Highlights: • Arsenic (As)-adsorbed and As-coprecipiated two-line ferrihydrites were synthesized. • Bioaccessibility was closely related to chemical binding type of As in Fe oxide. • Chemical binding type needs to be considered to characterize the risk of As in soil. - Abstract: Bioaccessible concentrations of As associated with Fe oxide as different chemical binding types were determined in soils using the in vitro Physiologically Based Extraction Test (PBET). When compared to the five-step sequential extraction data, most of the As extracted by in vitro PBET originated from the amorphous Fe oxide-bound fraction, and more importantly, the bioaccessibility of As ranged from 0 to 58.8% in 24 soil samples. Two batches of ferrihydrite were synthesized separately. For one batch, As was adsorbed onto the ferrihydrite after synthesis; for the other one, As was added while synthesizing ferrihydrite to co-precipitate. The bioaccessible concentration of As determined by in vitro PBET of the former was 415 mg of As/kg of ferrihydrite and that of the latter was 67 mg of As/kg of ferrihydrite. X-ray photoelectron spectra (XPS) analysis indicated that As–O–Fe bonds were evident in As-associated ferrihydrite sample and especially, As was found within the Fe oxide lattice in the co-precipitated sample. Our data suggest that binding type between As and Fe oxide should be considered when determining the bioaccessibility of As in soil, which, in turn, greatly influences the realistic risk of As present in soil.

  20. Strong and Reversible Monovalent Supramolecular Protein Immobilization

    NARCIS (Netherlands)

    Young, Jacqui F.; Nguyen, Hoang D.; Yang, Lanti; Huskens, Jurriaan; Jonkheijm, Pascal; Brunsveld, Luc

    2010-01-01

    Proteins with an iron clasp: Site-selective incorporation of a ferrocene molecule into a protein allows for easy, strong, and reversible supramolecular protein immobilization through a selective monovalent interaction of the ferrocene with a cucurbit[7]uril immobilized on a gold surface. The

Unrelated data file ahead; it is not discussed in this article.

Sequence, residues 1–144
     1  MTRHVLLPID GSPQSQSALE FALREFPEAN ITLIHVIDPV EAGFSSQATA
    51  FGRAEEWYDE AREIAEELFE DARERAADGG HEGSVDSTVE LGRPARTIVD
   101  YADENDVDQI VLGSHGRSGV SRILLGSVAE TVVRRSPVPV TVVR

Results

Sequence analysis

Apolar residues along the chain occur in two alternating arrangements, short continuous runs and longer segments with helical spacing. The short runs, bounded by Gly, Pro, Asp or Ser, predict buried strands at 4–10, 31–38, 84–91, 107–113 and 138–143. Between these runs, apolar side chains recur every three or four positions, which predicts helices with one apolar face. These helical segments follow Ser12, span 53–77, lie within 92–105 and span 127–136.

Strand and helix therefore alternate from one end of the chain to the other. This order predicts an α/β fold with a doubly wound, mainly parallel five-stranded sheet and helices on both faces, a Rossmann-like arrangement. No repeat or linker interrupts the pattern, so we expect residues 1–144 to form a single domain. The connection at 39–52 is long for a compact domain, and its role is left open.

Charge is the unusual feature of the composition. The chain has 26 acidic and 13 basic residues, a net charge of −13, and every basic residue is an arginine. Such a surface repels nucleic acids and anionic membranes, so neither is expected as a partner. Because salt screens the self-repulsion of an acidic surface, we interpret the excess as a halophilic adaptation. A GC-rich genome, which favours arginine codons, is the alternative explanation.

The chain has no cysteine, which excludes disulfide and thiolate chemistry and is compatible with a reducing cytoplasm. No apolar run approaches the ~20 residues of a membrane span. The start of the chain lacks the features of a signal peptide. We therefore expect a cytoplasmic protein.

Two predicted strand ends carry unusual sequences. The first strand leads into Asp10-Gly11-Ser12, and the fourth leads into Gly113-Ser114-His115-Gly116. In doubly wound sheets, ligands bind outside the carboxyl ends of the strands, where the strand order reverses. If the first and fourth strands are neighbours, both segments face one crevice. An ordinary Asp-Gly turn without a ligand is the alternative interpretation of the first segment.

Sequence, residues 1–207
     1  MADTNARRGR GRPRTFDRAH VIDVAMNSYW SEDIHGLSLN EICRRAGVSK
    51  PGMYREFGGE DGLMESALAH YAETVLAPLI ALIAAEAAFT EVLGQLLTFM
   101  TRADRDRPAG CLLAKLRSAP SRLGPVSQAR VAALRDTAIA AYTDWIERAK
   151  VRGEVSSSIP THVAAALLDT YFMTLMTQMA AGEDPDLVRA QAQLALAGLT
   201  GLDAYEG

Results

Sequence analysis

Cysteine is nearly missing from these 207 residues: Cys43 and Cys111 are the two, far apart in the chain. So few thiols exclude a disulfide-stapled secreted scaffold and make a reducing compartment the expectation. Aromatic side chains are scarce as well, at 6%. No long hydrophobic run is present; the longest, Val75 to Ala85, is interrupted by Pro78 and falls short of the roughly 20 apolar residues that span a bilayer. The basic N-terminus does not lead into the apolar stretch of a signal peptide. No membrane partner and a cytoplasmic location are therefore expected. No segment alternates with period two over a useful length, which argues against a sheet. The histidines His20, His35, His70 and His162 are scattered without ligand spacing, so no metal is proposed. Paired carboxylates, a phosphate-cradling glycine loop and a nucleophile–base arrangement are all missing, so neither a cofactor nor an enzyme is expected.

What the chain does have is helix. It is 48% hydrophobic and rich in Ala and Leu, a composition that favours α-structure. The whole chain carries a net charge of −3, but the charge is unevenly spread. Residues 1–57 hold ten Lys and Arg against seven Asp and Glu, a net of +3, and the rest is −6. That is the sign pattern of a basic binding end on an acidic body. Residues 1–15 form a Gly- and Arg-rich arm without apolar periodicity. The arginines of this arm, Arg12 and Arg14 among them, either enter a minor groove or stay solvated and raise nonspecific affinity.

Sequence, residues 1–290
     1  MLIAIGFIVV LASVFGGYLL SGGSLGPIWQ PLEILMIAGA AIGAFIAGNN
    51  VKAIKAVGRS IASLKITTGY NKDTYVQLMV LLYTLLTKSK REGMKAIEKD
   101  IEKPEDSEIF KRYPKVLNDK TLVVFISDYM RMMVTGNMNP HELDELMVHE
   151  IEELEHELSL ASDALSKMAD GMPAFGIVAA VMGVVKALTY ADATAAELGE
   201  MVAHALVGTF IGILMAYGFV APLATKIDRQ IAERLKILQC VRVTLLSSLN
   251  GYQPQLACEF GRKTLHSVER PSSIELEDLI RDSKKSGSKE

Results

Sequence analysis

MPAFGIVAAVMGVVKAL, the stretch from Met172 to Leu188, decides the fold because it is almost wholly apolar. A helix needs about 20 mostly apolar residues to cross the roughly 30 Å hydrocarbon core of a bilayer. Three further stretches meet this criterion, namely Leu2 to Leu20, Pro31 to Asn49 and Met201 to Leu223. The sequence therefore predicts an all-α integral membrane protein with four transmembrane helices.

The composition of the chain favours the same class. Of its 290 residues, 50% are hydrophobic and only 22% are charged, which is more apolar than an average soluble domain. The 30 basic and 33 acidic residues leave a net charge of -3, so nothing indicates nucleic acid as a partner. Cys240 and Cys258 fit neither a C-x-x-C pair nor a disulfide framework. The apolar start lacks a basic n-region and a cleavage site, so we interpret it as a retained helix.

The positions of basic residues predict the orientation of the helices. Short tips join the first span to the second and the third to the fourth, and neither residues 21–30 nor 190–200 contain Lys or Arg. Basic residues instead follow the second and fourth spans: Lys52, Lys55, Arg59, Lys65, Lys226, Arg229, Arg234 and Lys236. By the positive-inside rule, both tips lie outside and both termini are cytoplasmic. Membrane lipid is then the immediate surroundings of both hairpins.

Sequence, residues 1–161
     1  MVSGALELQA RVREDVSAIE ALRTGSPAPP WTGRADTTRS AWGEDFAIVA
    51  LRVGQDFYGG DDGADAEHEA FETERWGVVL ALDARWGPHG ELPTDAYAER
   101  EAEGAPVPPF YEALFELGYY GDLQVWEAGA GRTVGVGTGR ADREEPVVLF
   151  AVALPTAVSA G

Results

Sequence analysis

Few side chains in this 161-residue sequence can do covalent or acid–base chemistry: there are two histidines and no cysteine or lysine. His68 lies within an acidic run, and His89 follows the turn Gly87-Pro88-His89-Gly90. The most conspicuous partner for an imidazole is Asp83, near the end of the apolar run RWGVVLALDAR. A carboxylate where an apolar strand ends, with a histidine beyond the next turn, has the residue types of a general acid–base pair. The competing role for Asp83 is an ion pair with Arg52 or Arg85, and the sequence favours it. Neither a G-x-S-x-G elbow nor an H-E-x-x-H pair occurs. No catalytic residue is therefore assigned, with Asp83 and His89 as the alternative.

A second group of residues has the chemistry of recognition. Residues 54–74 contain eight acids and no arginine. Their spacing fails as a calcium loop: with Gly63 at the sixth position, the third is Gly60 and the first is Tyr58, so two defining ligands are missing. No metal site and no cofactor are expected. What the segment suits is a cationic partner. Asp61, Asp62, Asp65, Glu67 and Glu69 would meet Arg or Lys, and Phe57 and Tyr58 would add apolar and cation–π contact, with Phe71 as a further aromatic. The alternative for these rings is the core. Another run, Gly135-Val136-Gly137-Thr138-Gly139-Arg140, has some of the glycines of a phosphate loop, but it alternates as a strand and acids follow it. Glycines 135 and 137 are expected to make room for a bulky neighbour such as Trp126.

1. <strong>Neuroeconomics and Health Economicsstrong>/>

    DEFF Research Database (Denmark)

    Larsen, Torben

    2009-01-01

      Objective: Neuroeconomics integrates economics, psychology and neuroscience. Recently, this line of research is summarized in a neuroeconomic model (NeM) which addresses the rehabilitation of important chronic conditions from a new angle as surveyed in this study. Data and Method: Firstly, Ne...... with de-stressing benefits as reduced anxiety, less use of stimulants and a reduction of blood pressure which in all increase life-expectancy. Conclusion: Neuroeconomics helps economists to identify dominant health economic interventions that may be overlooked by traditional discipålines   [i] This part...

  2. Iron monoxide photodissociation

    Science.gov (United States)

    Chestakov, D. A.; Parker, D. H.; Baklanov, A. V.

    2005-02-01

    The photodissociation of Fe56O was studied by means of the velocity map imaging technique. A molecular beam of iron atoms and iron monoxide molecules was created using an electrical discharge with an iron electrode in a supersonic expansion of molecular oxygen. The ground state iron atom Fe(D45) and FeO concentrations in the molecular beam have been estimated. The dissociation energy of the FeO XΔ5 ground electronic state was found to be D00(FeO )=4.18±0.01eV. The effective absorption cross section of FeO at 252.39nm (vac), leading to the Fe(D45)+O(P3) dissociation channel, is ˜1.2×10-18cm2. A (1+1) resonantly enhanced multiphoton ionization spectrum of Fe56O in the region 39550-39580 cm-1 with rotational structure has been observed, but not assigned. Angular distributions of Fe(D45) and Fe(D35) products for the channel FeO →Fe(D4,35)+O(P3) have been measured at several points in the 210-260nm laser light wavelength region. The anisotropy parameter varies strongly with wavelength for both channels.

  3. Iron-Deficiency Anemia

    Medline Plus

    Full Text Available ... iron in your body causes iron-deficiency anemia. Lack of iron usually is due to blood loss, ... can help prevent overdosing in children. Because recent research supports concerns that iron deficiency during infancy and ...

  4. Iron-Deficiency Anemia

    Medline Plus

    Full Text Available ... developing iron-deficiency anemia. Foods that are good sources of iron include dried beans, dried fruits, eggs, ... is needed, such as childhood and pregnancy. Good sources of iron are meat, poultry, fish, and iron- ...

  5. Iron-Deficiency Anemia

    Medline Plus

    Full Text Available ... absorb iron from the gastrointestinal tract (GI tract). Blood loss When you lose blood, you lose iron. ... other conditions that can cause iron-deficiency anemia. Blood tests to screen for iron-deficiency anemia To ...